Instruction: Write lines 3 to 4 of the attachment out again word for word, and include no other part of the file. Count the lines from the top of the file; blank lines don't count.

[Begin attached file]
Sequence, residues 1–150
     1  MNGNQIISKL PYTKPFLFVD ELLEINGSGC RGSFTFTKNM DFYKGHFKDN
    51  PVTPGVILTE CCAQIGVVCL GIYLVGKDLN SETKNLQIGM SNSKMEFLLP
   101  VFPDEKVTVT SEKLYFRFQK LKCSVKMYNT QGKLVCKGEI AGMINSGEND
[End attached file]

    51  PVTPGVILTE CCAQIGVVCL GIYLVGKDLN SETKNLQIGM SNSKMEFLLP
   101  VFPDEKVTVT SEKLYFRFQK LKCSVKMYNT QGKLVCKGEI AGMINSGEND